Start at 35:00
In this post I link to and excerpt from CoreIM’s Feb 10,2021 show notes and podcast and the transcript of 5 Pearls On Hyponatremia Diagnostics [There is a second episode coming on Hyponatremia Therapeutics].
Here is CoreIM’s link to the excellent and complete article on Hyponatremia from Amboss.
Here are excerpts from the show notes of 5 Pearls On Hyponatremia Diagnostics:
Pearl 1 – General Approach
- Hyponatremia is a significant clinical problem:
- H&P – may be helpful, but don’t ignore other objective data that contradicts!
- Quickly assess for red flags (confusion, seizures) → immediate intervention, ICU admission
- Ask about dietary history, fluid/EtOH intake, new meds, endocrine ROS, relevant comorbidities
- Physical Examination:
- Volume status is theoretically helpful as diagnostic algorithms hinge on it, but error prone
- Our approach focuses on understanding what each diagnostic test adds vs. rote dependence on algorithm
- More helpful given that most hyponatremia in the hospital is multifactorial
- Ask yourself where your patient with hyponatremia is on “Cartesian space” with:
- Anti-diuretic Hormone (ADH) secretion, as indirectly measured by UOsm relative to
- Effective arterial blood volume (EABV), as estimated based on clinical examination and measurement of urine sodium
- What if we encounter a patient after intervention, and without complete labs or urine studies?
- Still obtain appropriate serum and urine studies as you can assess response to interventions (urine output, change in urine concentration and serum sodium) and the patient’s current ADH/EABV state
Pearl 2 – Serum Osmolality (Normal value 280-285 mOsm/kg)
- We expect patients with true hyponatremia to have a low osmolality (<280 mOsm/kg)
- This makes sense because sodium is the most significant contributor to osmolality
- SOsm= 2 [Na+] + [Glu]/18 + [BUN]/2.8
- The equation in countries that use the metric system also entails sodium x 2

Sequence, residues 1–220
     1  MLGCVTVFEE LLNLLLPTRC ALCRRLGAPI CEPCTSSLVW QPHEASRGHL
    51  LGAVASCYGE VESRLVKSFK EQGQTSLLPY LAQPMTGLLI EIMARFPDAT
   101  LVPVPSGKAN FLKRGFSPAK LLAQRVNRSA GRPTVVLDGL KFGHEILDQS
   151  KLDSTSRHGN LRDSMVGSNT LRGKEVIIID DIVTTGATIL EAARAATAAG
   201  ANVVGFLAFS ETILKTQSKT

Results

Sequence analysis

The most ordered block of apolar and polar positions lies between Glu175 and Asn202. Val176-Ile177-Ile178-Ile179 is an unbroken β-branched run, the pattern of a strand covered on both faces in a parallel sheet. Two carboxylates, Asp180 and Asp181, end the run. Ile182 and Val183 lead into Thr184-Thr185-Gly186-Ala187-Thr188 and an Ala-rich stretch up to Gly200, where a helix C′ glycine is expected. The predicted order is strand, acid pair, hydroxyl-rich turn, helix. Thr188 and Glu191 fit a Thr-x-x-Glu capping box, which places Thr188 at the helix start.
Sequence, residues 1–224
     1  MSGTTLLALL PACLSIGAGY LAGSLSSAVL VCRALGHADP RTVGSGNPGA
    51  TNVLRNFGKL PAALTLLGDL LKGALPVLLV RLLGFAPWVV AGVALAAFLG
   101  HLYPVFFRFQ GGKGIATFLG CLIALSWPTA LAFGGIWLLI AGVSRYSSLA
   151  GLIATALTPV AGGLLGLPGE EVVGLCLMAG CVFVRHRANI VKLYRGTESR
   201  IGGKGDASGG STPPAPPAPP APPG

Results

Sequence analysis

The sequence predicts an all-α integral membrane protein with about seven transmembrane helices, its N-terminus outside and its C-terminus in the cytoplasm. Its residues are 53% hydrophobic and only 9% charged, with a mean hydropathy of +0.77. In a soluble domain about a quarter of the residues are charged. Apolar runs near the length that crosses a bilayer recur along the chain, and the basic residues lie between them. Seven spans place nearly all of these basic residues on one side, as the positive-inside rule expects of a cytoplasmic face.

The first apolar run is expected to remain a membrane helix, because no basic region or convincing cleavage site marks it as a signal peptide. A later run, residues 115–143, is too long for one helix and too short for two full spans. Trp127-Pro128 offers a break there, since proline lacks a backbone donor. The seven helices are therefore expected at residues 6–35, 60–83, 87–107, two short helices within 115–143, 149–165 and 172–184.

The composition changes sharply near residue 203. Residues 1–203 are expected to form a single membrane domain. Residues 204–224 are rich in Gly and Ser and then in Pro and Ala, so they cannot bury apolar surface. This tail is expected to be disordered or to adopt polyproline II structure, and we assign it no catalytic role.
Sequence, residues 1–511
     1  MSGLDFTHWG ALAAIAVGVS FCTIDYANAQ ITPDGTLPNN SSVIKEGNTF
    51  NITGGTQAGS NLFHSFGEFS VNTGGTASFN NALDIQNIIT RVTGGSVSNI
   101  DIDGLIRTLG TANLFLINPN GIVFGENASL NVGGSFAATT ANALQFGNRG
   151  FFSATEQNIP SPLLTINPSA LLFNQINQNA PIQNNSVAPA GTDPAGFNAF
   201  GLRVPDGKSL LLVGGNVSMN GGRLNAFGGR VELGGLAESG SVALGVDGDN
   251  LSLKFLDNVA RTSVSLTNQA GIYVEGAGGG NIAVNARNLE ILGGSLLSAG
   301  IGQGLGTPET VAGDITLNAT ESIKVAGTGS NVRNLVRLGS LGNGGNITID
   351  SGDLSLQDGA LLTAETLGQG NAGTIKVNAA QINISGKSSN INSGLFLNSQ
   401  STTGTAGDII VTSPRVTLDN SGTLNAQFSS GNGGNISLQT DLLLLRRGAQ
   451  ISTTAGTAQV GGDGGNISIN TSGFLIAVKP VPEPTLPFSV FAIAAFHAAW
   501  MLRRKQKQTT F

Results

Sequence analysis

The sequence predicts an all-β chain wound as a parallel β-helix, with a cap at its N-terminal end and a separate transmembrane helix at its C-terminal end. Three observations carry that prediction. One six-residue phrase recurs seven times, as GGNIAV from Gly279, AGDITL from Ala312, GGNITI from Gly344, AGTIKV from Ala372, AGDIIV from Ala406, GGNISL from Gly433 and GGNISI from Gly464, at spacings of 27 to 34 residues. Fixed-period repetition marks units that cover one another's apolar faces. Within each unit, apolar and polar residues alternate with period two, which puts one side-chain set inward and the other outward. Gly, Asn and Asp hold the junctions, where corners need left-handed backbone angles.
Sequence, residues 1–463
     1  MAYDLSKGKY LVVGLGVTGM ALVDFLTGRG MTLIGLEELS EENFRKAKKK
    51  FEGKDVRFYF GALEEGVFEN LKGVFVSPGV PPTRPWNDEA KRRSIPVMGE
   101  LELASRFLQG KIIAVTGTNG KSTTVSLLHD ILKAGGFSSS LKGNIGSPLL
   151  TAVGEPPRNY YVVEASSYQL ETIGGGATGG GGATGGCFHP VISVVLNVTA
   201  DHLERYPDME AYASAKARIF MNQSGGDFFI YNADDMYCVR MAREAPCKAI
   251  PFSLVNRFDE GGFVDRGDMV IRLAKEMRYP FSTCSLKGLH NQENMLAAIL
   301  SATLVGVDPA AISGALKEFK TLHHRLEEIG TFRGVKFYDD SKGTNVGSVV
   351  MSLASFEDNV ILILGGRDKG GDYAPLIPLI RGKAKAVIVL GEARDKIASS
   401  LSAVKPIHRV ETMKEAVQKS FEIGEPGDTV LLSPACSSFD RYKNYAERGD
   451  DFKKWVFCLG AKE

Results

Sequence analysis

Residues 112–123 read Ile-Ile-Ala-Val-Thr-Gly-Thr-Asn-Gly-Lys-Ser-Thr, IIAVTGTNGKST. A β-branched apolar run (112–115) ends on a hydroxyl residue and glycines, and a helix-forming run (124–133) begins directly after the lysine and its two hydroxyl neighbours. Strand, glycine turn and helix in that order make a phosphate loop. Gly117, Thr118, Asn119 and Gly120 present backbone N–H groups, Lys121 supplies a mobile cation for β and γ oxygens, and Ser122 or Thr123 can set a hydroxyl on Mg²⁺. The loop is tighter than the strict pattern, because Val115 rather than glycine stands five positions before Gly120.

- Serum osmolality can be thought of as a “quality check” to rule out other osmoles that may be contributing to the hyponatremia.
- If osmolality is normal assess if the patient has high triglycerides or an extra protein in blood (e.g. Multiple myeloma, recent IVIG administration) Such cases referred to as “pseudohyponatremia” = lab artifact, not of clinical significance.
- Computer expects that aqueous component of blood is 93%, with 7% serum particles
- High serum lipids or extra protein changes this ratio and impact the sodium calculation
- Want to be sure? Whole blood sample of serum osmolality will not be subject to this error
- Such cases referred to as “pseudohyponatremia” – laboratory artifact
- If osmolality is elevated (usually >280-285 mOsm/kg), or if normal osmolality without elevated proteins/lipids, look for extra osmoles, either measured or unmeasured!
- Serum osmolality assessment prompts us to consider effective and ineffective osmoles at play:
- Effective osmoles (sodium, glucose, potassium) do not cross the plasma membrane, and therefore cause shifts in water movement (impact tonicity)
- Most of the clinical complications that arise as a result of hyponatremia (and its correction) are driven by the fact that sodium is an effective osmole – it impacts tonicity, and therefore cell size.
- Ineffective osmoles (ethanol, urea, lactate) cross the plasma membrane more readily, and therefore do not cause shifts in water movement (does not change tonicity)
- Serum osmolality is not a serially measured lab!
- Measure it once unless there is a significant sodium change that is difficult to contextualize.
And here are the infographics summarizing the podcast and show notes: